BROOKINGS, S.D. — The SDSU Department of Agricultural and Biosystems Engineering welcomed four faculty and staff members during the fall 2021 semester. Those welcomed include:
- Brian Langum, Precision Agriculture Machinery Research Coordinator
- Kristen Almen, Water Resources Research and Outreach Assistant
- Kristin Stuckey, Program Coordinator and Advisor
- Matthew Sanders, Temporary Mesonet Technician
In 1986 Langum received a bachelor’s degree in mechanized agriculture from SDSU. Prior to returning to SDSU, Langum was a Service Technician for two and a half years with Perkins Manufacturing in Chicago, Illinois and a Project Analyst with Kohler Co in Kohler, Wisconsin for over 30 years.
In his role, Langum supports the needs of students and faculty in the department. He is responsible for metal fabrication, repairing department equipment, procuring equipment for class and labs, and keeping the shop supplied with tools and hardware. Langum also provides safety training for student employees.
Langum looks forward to working with the same department that he graduated from 35 years ago.
“It is such an honor to be involved with getting the new Raven Precision Agriculture Center operational,” Langum said.
Almen received a bachelor’s in biological sciences and environmental science from North Dakota State University. In 2020 she received a master’s in environmental and conservation sciences from NDSU.
In her role as the Water Resources Research and Outreach Assistant, Almen works with SDSU Extension to create materials for outreach events. She also collects tile drainage water samples, coordinates the Willow Creek project and other fieldwork activities.
Almen is looking forward to the opportunities for growth at SDSU. “There are many opportunities at SDSU for conducting impactful research and learning from stakeholders,” Almen said.
Stuckey received a bachelor’s degree in interdisciplinary studies emphasis in psychology and education in 2020. In December of 2021, she received her master’s in administration and student affairs. Prior to entering her role at SDSU, Stuckey was an instructor at Lake Area Technical College for six years.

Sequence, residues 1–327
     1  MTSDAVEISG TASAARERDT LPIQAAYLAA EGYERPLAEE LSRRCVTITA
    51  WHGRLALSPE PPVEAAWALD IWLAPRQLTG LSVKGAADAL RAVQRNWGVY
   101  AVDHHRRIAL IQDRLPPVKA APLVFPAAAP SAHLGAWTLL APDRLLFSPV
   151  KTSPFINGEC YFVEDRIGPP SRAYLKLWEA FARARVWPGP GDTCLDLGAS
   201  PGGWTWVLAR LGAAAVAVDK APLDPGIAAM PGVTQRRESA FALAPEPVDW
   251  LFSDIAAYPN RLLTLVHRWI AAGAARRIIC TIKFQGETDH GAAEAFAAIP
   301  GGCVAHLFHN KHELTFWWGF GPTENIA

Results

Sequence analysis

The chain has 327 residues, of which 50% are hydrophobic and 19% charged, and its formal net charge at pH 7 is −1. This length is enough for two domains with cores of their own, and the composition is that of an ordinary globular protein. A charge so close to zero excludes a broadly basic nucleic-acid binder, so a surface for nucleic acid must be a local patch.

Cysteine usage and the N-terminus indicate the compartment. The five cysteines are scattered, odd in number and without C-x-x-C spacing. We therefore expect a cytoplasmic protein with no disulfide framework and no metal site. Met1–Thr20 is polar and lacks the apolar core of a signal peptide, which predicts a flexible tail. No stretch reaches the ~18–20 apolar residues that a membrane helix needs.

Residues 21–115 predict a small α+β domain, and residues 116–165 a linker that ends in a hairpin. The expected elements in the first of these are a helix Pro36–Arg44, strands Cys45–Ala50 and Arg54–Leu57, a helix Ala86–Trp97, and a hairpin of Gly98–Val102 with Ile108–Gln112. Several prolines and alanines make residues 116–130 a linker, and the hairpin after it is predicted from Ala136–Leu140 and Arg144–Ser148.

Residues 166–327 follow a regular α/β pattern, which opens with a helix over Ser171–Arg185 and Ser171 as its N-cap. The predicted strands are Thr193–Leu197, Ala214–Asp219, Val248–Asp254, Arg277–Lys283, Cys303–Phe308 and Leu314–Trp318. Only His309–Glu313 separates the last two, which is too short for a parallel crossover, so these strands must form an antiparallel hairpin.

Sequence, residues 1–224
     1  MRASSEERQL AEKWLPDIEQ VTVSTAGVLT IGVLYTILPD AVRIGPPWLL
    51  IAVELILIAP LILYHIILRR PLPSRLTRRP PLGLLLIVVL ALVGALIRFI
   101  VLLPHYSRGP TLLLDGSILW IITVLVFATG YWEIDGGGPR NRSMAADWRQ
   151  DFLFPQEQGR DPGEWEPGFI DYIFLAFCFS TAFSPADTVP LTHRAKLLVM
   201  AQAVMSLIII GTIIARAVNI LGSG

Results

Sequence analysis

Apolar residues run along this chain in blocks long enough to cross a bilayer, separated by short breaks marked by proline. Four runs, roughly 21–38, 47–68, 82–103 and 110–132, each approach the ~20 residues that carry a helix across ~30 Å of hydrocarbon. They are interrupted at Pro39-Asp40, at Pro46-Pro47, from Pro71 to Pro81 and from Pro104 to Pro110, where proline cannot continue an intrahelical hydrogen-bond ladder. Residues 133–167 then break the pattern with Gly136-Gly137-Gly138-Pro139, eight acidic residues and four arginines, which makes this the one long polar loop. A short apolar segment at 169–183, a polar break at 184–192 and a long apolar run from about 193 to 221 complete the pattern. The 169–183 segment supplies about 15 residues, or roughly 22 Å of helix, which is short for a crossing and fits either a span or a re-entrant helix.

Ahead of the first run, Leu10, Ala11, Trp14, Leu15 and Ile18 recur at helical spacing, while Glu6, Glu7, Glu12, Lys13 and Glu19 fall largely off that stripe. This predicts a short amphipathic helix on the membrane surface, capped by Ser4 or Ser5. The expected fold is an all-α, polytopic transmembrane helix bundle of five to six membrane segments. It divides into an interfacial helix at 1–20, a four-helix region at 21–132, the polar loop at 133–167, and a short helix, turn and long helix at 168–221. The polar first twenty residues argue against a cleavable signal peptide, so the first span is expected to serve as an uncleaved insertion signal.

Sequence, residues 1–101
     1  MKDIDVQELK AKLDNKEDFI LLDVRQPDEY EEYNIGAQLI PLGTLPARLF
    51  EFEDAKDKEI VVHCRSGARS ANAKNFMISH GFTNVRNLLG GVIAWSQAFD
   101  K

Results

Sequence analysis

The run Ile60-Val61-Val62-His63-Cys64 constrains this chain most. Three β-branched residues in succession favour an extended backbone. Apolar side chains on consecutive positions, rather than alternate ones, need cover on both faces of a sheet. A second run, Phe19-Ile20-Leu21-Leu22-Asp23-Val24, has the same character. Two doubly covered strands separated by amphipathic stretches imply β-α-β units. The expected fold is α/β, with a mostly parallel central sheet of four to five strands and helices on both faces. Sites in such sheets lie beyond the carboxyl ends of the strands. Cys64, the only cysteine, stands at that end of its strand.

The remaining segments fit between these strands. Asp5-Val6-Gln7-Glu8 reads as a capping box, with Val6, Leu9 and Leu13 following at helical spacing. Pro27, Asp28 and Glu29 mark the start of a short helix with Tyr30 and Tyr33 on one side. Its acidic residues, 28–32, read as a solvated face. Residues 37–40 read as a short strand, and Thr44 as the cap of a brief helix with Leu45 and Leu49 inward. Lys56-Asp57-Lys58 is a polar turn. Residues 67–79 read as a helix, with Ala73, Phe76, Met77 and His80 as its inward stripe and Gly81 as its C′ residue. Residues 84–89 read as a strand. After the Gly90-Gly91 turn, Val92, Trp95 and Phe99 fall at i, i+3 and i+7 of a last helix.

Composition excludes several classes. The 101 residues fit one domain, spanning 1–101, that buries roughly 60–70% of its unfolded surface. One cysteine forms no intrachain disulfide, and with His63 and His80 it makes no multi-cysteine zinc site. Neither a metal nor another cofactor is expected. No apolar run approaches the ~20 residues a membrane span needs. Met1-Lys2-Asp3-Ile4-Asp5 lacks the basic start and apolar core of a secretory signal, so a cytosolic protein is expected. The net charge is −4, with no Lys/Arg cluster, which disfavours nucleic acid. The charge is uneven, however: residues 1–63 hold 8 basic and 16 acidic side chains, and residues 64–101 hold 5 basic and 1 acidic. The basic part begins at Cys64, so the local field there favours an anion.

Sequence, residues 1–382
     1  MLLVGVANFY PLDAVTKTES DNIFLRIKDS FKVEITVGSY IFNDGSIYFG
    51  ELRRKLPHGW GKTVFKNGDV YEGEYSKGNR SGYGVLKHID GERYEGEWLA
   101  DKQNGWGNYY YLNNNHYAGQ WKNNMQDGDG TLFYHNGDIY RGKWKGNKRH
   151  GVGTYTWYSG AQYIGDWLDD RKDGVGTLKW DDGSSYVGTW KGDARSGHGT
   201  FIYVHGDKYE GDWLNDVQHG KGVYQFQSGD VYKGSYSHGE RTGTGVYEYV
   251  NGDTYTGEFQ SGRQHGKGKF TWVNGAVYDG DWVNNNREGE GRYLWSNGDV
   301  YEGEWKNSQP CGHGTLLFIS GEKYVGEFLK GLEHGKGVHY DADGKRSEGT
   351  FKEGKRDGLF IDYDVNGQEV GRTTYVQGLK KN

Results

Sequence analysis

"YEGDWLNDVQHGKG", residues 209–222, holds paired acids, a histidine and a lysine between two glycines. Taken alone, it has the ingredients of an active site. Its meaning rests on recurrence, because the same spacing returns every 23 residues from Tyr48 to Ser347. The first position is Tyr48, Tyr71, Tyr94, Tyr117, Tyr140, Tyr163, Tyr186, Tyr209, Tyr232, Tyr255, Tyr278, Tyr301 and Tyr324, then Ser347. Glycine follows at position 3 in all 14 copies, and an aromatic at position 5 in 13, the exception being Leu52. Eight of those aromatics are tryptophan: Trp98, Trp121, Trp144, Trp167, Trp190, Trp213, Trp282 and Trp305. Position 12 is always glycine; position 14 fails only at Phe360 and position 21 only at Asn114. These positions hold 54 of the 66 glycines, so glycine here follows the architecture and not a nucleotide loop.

In her role as advisor, Stuckey assists students in the department throughout their time at SDSU. She works with students in the department to identify their academic and career plans. She also assists students regarding academic requirements, class selection as well as academic policies and procedures. Stuckey helps students access resources on campus such as the Financial Aid Office and Student Health and Counseling Services.
“I come from a family of Jackrabbits, so yellow and blue is in my blood,” said Stuckey. “I love the community and the values SDSU instills in its students and employees.”
Sanders attained a bachelor’s degree in geoscience and chemistry from Hobart and William Smith Colleges in New York. In 2019 he graduated with a master’s degree in applied meteorology from Plymouth State University in New Hampshire. After graduate school, Sanders worked as an Outdoor Educator, leading interpretive hikes and nature-based camps in and around Glacier National Park.
In his new role, Sanders supports the upgrades and expansion of the Mesonet network across the state. He also performs quality control checks on the data coming in from the stations and takes care of any maintenance at the sites.
“One of the goals of this Mesonet network upgrade is to improve forecasts of floods and drought in South Dakota, and I am excited that SDSU is at the forefront of this work,” Sanders said.
— SDSU Extension